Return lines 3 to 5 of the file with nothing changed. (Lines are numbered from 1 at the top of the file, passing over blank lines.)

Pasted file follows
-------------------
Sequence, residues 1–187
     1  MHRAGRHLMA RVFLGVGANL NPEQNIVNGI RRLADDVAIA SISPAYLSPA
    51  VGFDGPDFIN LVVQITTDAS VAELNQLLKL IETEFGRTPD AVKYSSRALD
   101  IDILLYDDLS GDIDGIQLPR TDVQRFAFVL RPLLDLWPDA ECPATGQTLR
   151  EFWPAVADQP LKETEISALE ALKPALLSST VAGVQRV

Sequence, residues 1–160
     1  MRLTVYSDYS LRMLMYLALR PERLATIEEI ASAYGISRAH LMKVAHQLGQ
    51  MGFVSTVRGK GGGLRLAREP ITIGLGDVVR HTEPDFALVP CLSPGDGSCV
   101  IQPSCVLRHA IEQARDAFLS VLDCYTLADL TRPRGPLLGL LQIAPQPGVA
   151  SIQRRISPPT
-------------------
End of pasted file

    51  VGFDGPDFIN LVVQITTDAS VAELNQLLKL IETEFGRTPD AVKYSSRALD
   101  IDILLYDDLS GDIDGIQLPR TDVQRFAFVL RPLLDLWPDA ECPATGQTLR
   151  EFWPAVADQP LKETEISALE ALKPALLSST VAGVQRV